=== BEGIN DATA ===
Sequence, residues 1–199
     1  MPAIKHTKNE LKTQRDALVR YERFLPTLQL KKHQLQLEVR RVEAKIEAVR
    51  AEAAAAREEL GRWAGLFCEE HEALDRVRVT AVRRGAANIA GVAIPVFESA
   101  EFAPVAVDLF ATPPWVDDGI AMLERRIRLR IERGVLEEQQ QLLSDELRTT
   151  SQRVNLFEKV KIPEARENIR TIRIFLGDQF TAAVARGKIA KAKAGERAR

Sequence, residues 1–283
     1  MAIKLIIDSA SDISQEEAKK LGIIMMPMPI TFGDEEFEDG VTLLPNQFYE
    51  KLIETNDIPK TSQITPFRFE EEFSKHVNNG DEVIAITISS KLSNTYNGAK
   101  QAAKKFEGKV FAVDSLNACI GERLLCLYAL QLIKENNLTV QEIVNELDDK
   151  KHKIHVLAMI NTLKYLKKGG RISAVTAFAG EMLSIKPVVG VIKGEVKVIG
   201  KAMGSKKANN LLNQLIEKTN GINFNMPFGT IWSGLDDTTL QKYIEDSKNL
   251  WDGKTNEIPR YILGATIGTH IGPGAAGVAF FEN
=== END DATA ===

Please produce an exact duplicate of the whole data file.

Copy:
Sequence, residues 1–199
     1  MPAIKHTKNE LKTQRDALVR YERFLPTLQL KKHQLQLEVR RVEAKIEAVR
    51  AEAAAAREEL GRWAGLFCEE HEALDRVRVT AVRRGAANIA GVAIPVFESA
   101  EFAPVAVDLF ATPPWVDDGI AMLERRIRLR IERGVLEEQQ QLLSDELRTT
   151  SQRVNLFEKV KIPEARENIR TIRIFLGDQF TAAVARGKIA KAKAGERAR

Sequence, residues 1–283
     1  MAIKLIIDSA SDISQEEAKK LGIIMMPMPI TFGDEEFEDG VTLLPNQFYE
    51  KLIETNDIPK TSQITPFRFE EEFSKHVNNG DEVIAITISS KLSNTYNGAK
   101  QAAKKFEGKV FAVDSLNACI GERLLCLYAL QLIKENNLTV QEIVNELDDK
   151  KHKIHVLAMI NTLKYLKKGG RISAVTAFAG EMLSIKPVVG VIKGEVKVIG
   201  KAMGSKKANN LLNQLIEKTN GINFNMPFGT IWSGLDDTTL QKYIEDSKNL
   251  WDGKTNEIPR YILGATIGTH IGPGAAGVAF FEN